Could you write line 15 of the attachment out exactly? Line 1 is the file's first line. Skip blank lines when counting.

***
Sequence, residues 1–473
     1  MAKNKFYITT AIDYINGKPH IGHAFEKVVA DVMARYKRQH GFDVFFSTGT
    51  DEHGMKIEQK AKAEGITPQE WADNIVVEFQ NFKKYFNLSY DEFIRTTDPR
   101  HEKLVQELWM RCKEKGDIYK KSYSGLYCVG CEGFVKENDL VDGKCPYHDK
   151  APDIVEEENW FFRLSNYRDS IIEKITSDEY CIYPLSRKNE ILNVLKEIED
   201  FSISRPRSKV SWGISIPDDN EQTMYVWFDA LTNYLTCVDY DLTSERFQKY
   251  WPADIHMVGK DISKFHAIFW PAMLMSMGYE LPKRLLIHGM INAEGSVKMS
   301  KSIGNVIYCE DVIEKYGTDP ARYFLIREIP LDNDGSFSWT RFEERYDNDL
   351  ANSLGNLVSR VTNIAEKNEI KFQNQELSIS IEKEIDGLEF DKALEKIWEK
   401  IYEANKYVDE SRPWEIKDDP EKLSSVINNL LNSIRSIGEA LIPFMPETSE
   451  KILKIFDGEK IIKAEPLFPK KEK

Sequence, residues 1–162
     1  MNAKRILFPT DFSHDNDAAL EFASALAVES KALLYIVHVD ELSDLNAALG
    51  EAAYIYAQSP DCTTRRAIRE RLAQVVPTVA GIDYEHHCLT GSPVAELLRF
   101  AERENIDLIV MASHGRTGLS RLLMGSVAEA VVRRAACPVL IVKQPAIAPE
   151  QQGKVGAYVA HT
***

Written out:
   101  AERENIDLIV MASHGRTGLS RLLMGSVAEA VVRRAACPVL IVKQPAIAPE